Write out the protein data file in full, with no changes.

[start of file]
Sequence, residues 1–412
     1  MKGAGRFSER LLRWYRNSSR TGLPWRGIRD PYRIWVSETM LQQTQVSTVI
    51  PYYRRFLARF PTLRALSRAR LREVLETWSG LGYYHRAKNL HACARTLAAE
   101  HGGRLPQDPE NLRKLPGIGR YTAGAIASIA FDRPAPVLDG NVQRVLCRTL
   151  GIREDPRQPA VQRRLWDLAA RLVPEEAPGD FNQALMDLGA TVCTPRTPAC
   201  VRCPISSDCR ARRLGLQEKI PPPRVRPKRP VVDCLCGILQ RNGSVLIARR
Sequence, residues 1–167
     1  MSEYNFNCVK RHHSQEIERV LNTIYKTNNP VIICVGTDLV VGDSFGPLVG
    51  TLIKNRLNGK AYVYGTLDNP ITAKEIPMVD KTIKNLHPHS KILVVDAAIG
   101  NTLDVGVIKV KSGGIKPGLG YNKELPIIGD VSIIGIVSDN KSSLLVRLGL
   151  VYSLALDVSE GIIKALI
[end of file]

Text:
Sequence, residues 1–412
     1  MKGAGRFSER LLRWYRNSSR TGLPWRGIRD PYRIWVSETM LQQTQVSTVI
    51  PYYRRFLARF PTLRALSRAR LREVLETWSG LGYYHRAKNL HACARTLAAE
   101  HGGRLPQDPE NLRKLPGIGR YTAGAIASIA FDRPAPVLDG NVQRVLCRTL
   151  GIREDPRQPA VQRRLWDLAA RLVPEEAPGD FNQALMDLGA TVCTPRTPAC
   201  VRCPISSDCR ARRLGLQEKI PPPRVRPKRP VVDCLCGILQ RNGSVLIARR
Sequence, residues 1–167
     1  MSEYNFNCVK RHHSQEIERV LNTIYKTNNP VIICVGTDLV VGDSFGPLVG
    51  TLIKNRLNGK AYVYGTLDNP ITAKEIPMVD KTIKNLHPHS KILVVDAAIG
   101  NTLDVGVIKV KSGGIKPGLG YNKELPIIGD VSIIGIVSDN KSSLLVRLGL
   151  VYSLALDVSE GIIKALI